Montreal's police chief has drawn up a plan to overhaul the "culture" of his scandal-plagued force, and it has the backing of officials in both Quebec City and City Hall.
Details of the plan won't be made public until March 31, Mayor Denis Coderre said Sunday. But the mayor did reveal it contains proposals to address infighting within the Service de police de la Ville de Montréal (SPVM).
"There are elements within it that will change the culture (of the SPVM)," Coderre said. He added the plan also addresses the management structure of the force.
"More and more we were seeing that there were clans from the past. We had to shine light on that," Coderre said.
Coiteux asked for change
Last month, Public Security Minister Martin Coiteux asked Montreal police Chief Philippe Pichet to draw up a plan for restoring confidence in the force following a series of scandals involving its internal affairs division.
Former officers came forward with allegations that the division fabricated evidence in an effort to silence whistleblowers who tried to expose corruption in the police. That prompted the Sûreté du Québec to launch a criminal investigation.
The deputy director of the force was relieved of his duties earlier this month pending the results of the SQ probe.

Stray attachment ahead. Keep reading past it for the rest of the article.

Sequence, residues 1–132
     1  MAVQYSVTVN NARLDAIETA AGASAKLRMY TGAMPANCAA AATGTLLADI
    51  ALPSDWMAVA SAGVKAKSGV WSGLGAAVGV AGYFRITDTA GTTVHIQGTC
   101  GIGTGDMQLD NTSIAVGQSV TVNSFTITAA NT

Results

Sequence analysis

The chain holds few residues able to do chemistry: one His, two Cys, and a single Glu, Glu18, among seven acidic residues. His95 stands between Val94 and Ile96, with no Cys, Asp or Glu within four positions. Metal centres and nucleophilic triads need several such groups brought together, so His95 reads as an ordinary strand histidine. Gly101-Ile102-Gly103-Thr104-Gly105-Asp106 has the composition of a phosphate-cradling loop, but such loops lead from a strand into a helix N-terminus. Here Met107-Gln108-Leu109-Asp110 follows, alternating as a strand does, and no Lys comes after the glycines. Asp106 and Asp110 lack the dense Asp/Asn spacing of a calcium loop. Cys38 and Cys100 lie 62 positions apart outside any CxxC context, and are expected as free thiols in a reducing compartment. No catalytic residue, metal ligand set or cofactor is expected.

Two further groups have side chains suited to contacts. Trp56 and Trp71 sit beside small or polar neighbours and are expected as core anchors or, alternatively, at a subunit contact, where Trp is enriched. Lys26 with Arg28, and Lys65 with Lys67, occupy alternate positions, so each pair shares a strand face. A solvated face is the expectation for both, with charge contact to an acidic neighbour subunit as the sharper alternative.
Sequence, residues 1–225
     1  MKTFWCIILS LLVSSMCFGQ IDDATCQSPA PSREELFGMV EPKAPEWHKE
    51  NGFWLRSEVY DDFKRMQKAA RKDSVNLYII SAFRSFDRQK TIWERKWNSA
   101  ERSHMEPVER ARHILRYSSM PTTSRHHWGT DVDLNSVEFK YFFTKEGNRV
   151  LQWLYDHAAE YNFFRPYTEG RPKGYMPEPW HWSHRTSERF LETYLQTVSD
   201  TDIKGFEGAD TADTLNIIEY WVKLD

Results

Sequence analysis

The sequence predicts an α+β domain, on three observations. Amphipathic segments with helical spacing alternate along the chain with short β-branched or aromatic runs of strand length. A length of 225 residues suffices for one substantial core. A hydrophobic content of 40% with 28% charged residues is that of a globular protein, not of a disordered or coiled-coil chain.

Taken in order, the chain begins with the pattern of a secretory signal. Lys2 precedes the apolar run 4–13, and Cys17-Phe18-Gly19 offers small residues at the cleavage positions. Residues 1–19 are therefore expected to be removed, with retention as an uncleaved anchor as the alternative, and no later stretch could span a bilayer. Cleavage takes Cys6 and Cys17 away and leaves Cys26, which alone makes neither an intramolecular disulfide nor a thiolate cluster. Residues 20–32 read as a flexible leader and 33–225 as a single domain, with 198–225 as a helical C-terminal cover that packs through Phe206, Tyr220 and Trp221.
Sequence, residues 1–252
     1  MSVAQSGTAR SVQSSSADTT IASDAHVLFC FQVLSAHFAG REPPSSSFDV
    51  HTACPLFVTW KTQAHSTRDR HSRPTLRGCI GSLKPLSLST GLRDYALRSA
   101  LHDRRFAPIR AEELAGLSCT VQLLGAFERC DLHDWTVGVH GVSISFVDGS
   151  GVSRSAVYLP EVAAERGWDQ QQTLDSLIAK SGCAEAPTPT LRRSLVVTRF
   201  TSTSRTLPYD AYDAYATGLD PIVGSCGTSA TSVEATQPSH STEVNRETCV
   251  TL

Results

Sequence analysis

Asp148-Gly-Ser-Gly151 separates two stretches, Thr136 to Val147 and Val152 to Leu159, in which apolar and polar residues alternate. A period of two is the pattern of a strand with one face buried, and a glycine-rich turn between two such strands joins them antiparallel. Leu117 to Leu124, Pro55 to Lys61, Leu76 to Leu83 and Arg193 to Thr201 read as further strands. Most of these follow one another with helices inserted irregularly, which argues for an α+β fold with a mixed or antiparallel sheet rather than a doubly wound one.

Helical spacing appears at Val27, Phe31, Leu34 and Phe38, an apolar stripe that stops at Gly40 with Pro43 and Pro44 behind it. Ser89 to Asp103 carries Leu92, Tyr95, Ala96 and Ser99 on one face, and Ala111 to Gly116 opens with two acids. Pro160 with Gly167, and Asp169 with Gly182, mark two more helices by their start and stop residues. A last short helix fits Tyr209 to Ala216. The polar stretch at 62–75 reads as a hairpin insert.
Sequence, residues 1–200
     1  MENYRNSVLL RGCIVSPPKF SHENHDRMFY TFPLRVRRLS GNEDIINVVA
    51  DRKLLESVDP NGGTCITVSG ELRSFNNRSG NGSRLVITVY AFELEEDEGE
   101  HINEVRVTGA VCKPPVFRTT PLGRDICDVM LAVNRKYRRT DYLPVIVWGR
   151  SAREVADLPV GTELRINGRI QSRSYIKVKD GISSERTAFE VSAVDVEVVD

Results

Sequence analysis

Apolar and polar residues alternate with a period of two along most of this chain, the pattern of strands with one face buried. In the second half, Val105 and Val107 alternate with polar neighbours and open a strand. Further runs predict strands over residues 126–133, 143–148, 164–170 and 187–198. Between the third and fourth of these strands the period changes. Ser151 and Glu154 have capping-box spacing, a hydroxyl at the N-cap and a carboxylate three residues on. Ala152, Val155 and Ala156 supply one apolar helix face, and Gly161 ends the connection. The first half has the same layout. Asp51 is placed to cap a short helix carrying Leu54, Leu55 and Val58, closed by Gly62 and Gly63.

Pichet submitted his proposed changes to the minister on Friday. The two met the next day, and on Sunday, Coiteux expressed his support for Pichet's plan.
"For me it's a convincing plan," Coiteux told CBC News. "It is a part of the whole process that we have started to restore, to re-establish public confidence in the SPVM."
Support for Montreal chief
It was an important vote of confidence for Pichet, who declined to comment on Sunday. Opposition politicians at both the municipal and provincial levels have questioned his leadership since he was appointed in 2015.
The allegations of fabrication of evidence against whistleblowers is the second major controversy to have hit the force in recent months. In the fall, it was revealed Montreal police sought to monitor conversations of certain journalists.
Speaking to reporters on Sunday, Coderre highlighted Quebec City's support for Pichet's plan.
"Unlike the opposition, who wanted to get rid of Mr. Pichet ... I think stability is important," Coderre said. "Mr. Pichet is the man for the situation."
The mayor also stressed that the alleged incidents of evidence fabrication pre-date Pichet's appointment as chief.
Montreal's public safety commission will discuss the plan at an in-camera meeting on Wednesday.
The commission will hold a rare public session on Friday, when details of the four-page plan will be revealed. The commission will have the responsibility of ensuring the reform plan is carried out.
Whether the plan is successful at restoring public trust in the SPVM will depend on if it receives the support of rank-and-file officers, Coiteux said.
"Now everybody has to collaborate on this ... that includes the police brotherhood," Coiteux added, referring to the police officer's union.
The union declined to comment on Sunday, saying it had not yet seen the reform proposals.
Along with the SQ investigation, Coiteux also ordered an administrative inquiry into the SPVM. The results of that inquiry are not expected for several months.